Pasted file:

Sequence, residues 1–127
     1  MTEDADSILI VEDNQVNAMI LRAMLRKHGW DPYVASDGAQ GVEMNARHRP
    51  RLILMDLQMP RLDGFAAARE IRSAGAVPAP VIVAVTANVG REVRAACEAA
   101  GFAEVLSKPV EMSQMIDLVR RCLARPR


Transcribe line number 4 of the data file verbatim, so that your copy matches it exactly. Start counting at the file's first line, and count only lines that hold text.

   101  GFAEVLSKPV EMSQMIDLVR RCLARPR